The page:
Following an agreement signed last May, Kansas University and Haskell Indian Junior College are offering their first cooperative class this semester.
Every Thursday, Ray Pierotti, an assistant professor in systematics and ecology-environmental studies at KU, teaches a three-hour course called Native and Western Views of Nature to about 25 students from Haskell and KU.
When Pierotti was hired by KU from the University of Arkansas in Fayetteville, he said, part of his responsibility was to help coordinate a class between the two colleges.
"As far as I know, very few classes like this have been taught anywhere," Pierotti said. "Generally, students might get an instructor telling them what a native person thinks. In this class, not only will they get a Native American's perspective but the perspective of different nations and tribes."
THE COURSE is a combination of student discussion and student group leading. During the first half of the semester, Pierotti serves as the group leader, bringing up topics and clarifying points but mostly staying out of the students' way. For the second half of the semester, Pierotti plans to let the students take over in groups of two or more and lead the discussion.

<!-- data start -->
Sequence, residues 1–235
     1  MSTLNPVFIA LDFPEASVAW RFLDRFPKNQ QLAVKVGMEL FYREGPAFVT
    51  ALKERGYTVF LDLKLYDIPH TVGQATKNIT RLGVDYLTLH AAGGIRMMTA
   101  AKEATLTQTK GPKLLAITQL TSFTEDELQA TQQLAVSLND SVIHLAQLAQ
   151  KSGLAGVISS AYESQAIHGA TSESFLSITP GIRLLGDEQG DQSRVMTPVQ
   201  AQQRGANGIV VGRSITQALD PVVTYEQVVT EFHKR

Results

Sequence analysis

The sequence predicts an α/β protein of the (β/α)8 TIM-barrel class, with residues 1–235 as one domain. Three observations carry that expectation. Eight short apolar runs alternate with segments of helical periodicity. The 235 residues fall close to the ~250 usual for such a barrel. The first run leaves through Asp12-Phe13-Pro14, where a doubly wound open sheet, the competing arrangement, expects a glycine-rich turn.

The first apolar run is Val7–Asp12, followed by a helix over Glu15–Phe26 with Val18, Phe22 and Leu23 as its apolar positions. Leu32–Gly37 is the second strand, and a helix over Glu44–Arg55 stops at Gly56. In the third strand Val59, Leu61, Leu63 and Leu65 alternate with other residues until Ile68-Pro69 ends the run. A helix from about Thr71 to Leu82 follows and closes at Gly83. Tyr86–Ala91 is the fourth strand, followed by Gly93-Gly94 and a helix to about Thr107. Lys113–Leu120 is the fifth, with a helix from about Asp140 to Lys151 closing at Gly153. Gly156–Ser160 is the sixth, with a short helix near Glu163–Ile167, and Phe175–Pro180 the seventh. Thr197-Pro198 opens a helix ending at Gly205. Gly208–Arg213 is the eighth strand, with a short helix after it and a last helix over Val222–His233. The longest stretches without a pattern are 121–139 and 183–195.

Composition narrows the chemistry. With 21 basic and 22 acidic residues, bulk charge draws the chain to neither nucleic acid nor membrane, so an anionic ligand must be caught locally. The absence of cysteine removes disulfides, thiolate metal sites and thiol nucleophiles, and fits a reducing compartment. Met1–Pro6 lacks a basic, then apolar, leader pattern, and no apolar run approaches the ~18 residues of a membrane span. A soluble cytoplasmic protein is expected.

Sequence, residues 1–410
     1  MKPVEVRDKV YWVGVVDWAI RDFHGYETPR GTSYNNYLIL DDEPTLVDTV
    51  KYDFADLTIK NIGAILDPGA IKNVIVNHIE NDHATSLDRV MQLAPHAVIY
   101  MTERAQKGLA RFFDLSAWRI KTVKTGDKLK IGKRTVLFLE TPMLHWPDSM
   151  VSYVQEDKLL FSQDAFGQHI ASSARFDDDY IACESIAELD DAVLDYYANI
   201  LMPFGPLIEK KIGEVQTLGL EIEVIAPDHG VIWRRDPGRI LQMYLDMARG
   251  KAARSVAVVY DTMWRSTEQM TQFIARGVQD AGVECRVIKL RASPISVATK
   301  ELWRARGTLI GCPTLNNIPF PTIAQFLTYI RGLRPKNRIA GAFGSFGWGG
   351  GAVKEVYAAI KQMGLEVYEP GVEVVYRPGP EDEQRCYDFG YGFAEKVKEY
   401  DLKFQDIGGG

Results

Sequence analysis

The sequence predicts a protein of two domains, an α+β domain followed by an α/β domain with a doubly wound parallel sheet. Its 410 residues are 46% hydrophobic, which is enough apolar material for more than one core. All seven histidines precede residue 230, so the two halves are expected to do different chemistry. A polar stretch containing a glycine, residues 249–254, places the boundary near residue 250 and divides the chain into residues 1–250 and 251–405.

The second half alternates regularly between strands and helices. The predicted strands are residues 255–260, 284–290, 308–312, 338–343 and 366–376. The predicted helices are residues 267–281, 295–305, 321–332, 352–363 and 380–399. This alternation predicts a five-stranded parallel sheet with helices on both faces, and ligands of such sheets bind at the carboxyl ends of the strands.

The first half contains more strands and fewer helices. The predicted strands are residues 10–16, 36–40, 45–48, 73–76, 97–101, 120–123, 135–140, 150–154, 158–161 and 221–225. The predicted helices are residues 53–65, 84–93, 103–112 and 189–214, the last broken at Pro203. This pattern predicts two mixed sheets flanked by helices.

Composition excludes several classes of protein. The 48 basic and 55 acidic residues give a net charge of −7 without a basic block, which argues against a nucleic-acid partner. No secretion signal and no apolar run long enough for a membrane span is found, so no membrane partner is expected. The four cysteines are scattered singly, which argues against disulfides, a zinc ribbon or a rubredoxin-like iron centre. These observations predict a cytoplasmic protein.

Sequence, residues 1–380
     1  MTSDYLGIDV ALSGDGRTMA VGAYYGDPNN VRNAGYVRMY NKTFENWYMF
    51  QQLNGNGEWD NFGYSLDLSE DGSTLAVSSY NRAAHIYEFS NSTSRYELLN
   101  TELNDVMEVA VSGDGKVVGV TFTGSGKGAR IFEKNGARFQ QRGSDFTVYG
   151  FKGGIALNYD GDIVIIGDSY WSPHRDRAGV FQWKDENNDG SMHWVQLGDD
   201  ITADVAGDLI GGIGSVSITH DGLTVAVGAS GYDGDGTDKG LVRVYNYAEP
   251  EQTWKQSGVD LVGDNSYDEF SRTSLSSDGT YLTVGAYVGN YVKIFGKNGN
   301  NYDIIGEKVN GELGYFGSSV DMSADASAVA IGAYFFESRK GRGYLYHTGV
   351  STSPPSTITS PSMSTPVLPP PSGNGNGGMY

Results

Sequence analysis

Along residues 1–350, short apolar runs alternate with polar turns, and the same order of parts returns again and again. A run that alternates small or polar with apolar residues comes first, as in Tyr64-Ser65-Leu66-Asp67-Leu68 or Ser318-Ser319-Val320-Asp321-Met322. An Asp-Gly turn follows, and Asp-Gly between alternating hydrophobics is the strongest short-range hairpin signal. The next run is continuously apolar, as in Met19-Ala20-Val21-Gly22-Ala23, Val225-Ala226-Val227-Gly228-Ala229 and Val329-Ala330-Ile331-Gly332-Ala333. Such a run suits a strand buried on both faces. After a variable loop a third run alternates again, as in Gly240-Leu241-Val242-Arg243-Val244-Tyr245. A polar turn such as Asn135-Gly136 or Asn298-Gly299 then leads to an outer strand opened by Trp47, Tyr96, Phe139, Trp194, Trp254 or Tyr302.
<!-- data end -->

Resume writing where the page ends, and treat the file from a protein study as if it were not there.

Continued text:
"This is not a lecture class," Pierotti said. "I never intended it to be a lecture class. And it's not a class that can be easily graded. How am I going to judge what a person thinks of their world view? There's not a right or wrong here."
The course has proven to be so popular that it was full before it was listed in KU's spring schedule of classes, Pierotti said.
"We've met a few times now," he said. "I've been pleased with the students' participation, but a lot of them are still getting used to the idea."
THE COURSE is the first class offered by both schools since a memorandum of understanding was signed in May 1992. The memoradum authorized development of student, faculty and staff exchanges, as well as joint research and teaching projects.
"We've had other professors who have come down and helped us out in the past," said Dan Wildcat, head of the department of natural and social sciences at Haskell. "But this is the first time as a result of the memorandum."
Wildcat said both schools will benefit from the exchanges.
"I like to see a number of course exchanges result from this agreement," he said. "Both with KU faculty at Haskell and with Haskell faculty at KU."
Students from both Haskell and KU will benefit from the different perspectives they're being exposed to, Pierotti said.
"THE STUDENTS are experiencing what another culture thinks," he said. "Both groups can learn from each other."
Pierotti said he hopes the class will be offered every spring semester and that other courses are in the works for the fall.
Wildcat said plans are under way for a Haskell instructor to teach a class at KU in the fall.